Reflections on the Yiddish Anarchist Movement

Following the YIVO conference on Yiddish anarchism which took place on January 20th in New York (video here), Raymond S Solomon puts it in context with an earlier work — 1980 documentary Free Voice of Labor.

A conference on Yiddish Anarchism which took place in New York earlier this month is reminiscent of Free Voice of Labor: The Jewish Anarchists.  Free Voice of Labor is the English translation of Yiddish Freie Arbeiter Stimme. This film was produced and directed by Joel Sucher and Steven Fishler. The topics included in the movie were the Yiddish newspaper just named, and the Stelton anarchistic community in Piscataway, New Jersey. The scope of the Yiddish Anarchist movement was much larger than is generally known. Among the people featured, in narration and interview, were respectively, historian of Anarchism Paul Avrich, and Abe Bluestein who grew up in Stelton, and was a life-long anarchist activist. Within the documentary, parts of the old film Uncle Moses were shown. The character Uncle Moses is a sweatshop owner who employed, and exploited, many people from his own town in Europe, and many of them regarded him as their benefactor; or at least had to pretend to.    

Uncle Moses clip (1932)

Bluestein said that Jews were not just a religious group, but a national group, like the Italians, Irish, Russians, Spanish, and Pols.  Paul Average mentioned that while many immigrants were hoping for a better life in America, working conditions were often worse off in American sweatshops. Avrich said his introduction to these anarchists was at a dinner attended by many of them. Avrich was at first apprehensive. He wondered if he would be suspected, or accepted. Would they think he was too “square”? But once there he felt very comfortable and he was accepted.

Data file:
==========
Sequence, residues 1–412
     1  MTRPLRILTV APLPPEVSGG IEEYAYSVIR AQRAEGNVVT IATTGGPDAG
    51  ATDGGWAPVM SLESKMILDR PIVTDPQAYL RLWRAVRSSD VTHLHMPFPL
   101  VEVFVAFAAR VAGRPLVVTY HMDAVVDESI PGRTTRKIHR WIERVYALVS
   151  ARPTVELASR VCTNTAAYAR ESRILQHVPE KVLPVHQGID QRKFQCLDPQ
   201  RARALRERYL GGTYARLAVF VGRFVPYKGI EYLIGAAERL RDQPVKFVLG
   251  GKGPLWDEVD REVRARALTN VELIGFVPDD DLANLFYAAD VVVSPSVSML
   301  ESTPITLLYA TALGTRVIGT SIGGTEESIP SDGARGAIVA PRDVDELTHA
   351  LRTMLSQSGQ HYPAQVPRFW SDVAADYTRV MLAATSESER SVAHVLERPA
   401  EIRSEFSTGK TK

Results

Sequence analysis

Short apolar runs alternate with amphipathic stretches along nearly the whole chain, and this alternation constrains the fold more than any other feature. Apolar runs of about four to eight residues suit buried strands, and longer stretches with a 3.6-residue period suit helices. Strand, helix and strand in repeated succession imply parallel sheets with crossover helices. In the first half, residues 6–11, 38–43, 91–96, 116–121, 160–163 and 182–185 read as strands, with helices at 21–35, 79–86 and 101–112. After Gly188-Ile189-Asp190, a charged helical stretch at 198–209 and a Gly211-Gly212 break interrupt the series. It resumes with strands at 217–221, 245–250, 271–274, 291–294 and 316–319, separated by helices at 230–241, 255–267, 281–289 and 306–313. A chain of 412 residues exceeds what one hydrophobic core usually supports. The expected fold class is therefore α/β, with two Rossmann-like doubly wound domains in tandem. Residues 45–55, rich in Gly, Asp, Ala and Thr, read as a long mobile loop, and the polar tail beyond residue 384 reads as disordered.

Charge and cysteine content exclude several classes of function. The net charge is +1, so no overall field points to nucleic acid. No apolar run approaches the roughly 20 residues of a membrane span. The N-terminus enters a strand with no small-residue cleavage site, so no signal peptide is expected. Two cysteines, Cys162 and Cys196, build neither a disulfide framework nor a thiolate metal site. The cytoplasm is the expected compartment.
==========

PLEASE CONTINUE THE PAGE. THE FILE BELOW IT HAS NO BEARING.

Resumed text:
In the documentary various older people told part of their stories in this film. I originally saw this film in a theater in Greenwich Village, and it has since been put online (see below). I would encourage everyone to watch it.

Union organising was very important for Jewish immigrant anarchists, and Jewish anarchists were very active. Freie Arbeiter Stimme itself covered more than labor but also published short fiction, and world events.  The circulation went down over time as one generation passed, and the children’s knowledge of Yiddish was limited, while most grandchildren did not speak it at all. This was a similar to that of other foreign language immigrant groups. The Holocaust meanwhile not only resulted in the murder of over six million Jews, but also destroyed the Yiddish civilization of Eastern Europe. So, a world has, in effect, been lost. Or has it? 

On January 20th the YIVO Institute for Jewish Research (which archives, teaches researches, documents, preserves, and studies Yiddish culture and Jewish history) had a one-day conference on the lost tradition of Yiddish anarchism. This conference was held in Manhattan, New York. I hope that this conference will be a first step in reviewing the tradition, and interest and additional scholarship on this tradition.

In 1977, the last year of the publication of the Freie Arbeiter Stimme, there were attempts to raise money to save that newspaper. In it decades long history Freie Arbeiter Stimme went from being a daily newspaper to a weekly, and finally a monthly newspaper. This is a newspaper that ran since 1890 — 87 years!  

I hope that Yiddishism will be revived, and that the Yiddish Anarchist tradition will be revived as a part of that tradition.


Pic: Masthead of Freie Arbeiter Stimme, cover of Free Voice of Labor: The Jewish Anarchists and Abe Bluestein with Selma Cohen in 1937